My Grandpa George used to call me a little mess maker. I wasn’t allowed to help Grandma Nelle in the kitchen because I couldn’t do anything without making a huge mess.
Honestly, that hasn’t changed much. I’m still pretty much a disaster in the kitchen, mainly because I hate to cook. So, I do everything as quickly as possible, which is why my family is very familiar with the sound of the smoke detector and the remnants of a meal pretty much everywhere.
I’ve always tackled life at a hurried pace. I don’t really know why, except for my constant battle with impatience. It’s why I don’t like cooking, primping, or shopping. And I’m not much into details–they are far too time consuming. I prefer the big picture, the summary, and the quickest route.
Unfortunately, this constant rush also makes me quick to speak and slow to listen–the exact opposite of what God calls us to be. It causes me to say things I shouldn’t and make hasty decisions I later regret. That attitude spills right over into my relationship with God.
But lately I keep hearing the Lord say, “Be still. Slow down. Just listen.” Through the words of my pastor and my personal quiet time, God keeps reminding me that being led by the Spirit requires taking the time to be still and listen.
Challenges to Growth
A couple weeks ago I asked the ladies in my Facebook group, Growing Your Faith, what their biggest challenge to consistent Bible study was. The top two responses were finding time and staying focused.
I asked the Lord to show me how I could help with those two issues. I know how to teach good study habits or principles for interpretation, but those were not their primary concerns.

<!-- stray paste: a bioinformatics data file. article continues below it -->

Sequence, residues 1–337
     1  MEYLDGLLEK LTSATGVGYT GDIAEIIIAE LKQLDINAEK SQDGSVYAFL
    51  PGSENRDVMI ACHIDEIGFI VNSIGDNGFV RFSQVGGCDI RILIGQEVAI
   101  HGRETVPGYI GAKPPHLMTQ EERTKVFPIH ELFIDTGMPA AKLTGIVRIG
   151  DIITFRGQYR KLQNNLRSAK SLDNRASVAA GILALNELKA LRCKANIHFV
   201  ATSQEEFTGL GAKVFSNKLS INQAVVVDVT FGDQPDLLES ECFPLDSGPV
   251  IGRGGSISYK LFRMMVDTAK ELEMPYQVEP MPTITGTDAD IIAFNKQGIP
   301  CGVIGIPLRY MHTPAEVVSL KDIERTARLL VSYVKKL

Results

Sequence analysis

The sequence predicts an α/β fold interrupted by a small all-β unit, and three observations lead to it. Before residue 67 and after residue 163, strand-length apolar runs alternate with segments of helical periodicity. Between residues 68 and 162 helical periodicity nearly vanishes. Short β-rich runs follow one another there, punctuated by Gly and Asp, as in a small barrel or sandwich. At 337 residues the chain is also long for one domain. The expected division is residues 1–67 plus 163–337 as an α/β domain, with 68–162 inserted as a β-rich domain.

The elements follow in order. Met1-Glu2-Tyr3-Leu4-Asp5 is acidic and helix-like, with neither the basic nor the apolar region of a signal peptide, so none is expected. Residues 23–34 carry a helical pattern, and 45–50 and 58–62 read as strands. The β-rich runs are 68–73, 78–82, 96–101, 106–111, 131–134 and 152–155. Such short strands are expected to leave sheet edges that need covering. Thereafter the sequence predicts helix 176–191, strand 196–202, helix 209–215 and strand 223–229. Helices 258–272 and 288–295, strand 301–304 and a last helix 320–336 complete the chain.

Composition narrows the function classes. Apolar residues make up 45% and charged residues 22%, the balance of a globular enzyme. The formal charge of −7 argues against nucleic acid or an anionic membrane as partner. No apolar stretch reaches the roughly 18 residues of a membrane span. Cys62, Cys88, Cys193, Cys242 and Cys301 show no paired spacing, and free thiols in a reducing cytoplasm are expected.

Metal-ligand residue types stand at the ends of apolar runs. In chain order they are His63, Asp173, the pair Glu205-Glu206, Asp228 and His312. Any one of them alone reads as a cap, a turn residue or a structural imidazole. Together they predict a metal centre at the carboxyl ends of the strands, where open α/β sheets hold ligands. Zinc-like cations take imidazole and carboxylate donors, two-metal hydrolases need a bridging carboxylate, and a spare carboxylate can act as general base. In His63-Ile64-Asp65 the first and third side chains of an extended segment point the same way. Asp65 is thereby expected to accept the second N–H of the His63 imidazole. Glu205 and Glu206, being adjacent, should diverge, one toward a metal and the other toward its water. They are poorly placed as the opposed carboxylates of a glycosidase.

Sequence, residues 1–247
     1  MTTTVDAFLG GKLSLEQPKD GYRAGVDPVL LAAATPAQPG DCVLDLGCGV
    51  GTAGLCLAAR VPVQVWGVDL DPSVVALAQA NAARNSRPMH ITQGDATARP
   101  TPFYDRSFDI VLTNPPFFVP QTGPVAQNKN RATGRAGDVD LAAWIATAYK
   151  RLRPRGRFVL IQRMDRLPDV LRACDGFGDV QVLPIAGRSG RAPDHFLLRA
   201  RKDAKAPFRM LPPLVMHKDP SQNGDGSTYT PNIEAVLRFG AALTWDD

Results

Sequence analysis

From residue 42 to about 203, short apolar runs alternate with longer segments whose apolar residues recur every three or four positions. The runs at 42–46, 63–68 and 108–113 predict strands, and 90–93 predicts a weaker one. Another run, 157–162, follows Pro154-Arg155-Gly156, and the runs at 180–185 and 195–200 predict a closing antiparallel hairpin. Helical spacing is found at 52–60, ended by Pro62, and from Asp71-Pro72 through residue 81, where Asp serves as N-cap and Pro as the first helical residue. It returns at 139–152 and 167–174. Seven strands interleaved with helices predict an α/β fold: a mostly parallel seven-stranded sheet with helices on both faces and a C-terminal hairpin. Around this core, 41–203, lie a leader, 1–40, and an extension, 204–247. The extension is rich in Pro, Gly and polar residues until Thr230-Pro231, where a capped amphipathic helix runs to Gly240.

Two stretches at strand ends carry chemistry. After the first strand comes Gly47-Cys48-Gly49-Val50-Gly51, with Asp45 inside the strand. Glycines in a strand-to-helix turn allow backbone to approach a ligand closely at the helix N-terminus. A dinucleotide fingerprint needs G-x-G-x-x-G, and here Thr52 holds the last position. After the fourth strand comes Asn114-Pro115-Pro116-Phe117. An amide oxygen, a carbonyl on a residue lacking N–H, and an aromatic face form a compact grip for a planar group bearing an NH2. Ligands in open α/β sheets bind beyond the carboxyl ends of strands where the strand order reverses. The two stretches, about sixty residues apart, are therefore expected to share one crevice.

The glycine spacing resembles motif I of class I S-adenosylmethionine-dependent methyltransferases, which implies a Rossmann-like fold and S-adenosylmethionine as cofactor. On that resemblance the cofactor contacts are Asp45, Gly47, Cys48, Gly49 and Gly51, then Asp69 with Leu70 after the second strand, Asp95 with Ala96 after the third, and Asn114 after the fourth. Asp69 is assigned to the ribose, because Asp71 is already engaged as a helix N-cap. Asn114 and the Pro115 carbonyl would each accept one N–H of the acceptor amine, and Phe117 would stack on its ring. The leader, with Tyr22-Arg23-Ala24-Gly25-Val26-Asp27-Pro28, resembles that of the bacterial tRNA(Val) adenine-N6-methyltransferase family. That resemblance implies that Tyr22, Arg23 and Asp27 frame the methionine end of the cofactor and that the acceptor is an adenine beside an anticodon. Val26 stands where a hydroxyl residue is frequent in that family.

As I was praying over the situation, I was reminded of my many years in the classroom with students who struggled to have time for good study habits or found it challenging to stay focused in class.
Many times in the past I have reminded students that screen time and technology would drain more of their time than they realized. In addition, the constant bits of information their brains have to process from constant scrolling or clicking make it difficult to stay focused on one thing for more than a few seconds.
I realized that even as adults, we do the same thing. Our time on social media or Pinterest or Amazon or YouTube drains more of our time than we realize. And our brains are so accustomed to processing new information every few seconds that we no longer know how to get still and stay focused on one thing–like Bible study.
The 7-Day Unplug Challenge
So, I challenged my Facebook group to unplug for seven days. I suggested that we delete our social media apps from our phones for one week, turn off the television, and give our minds a rest.
The point was to help those sisters who were struggling to find the time for Bible study or to stay focused as they studied. But God did a mighty work in me.
Over the past few months, the Lord has already been calling me to linger with Him each morning in my quiet time, and I have. But once I got up from there to start my day, it was still full speed ahead. By midmorning I had already forgotten what God had spoken to me earlier.
The problem with that attitude of morning stillness and rest-of-the-day hustle is that we need to be led by the Holy Spirit all day long! How can we hear His voice, stay in His will, and follow His lead to minister to others if we don’t don’t slow down and listen?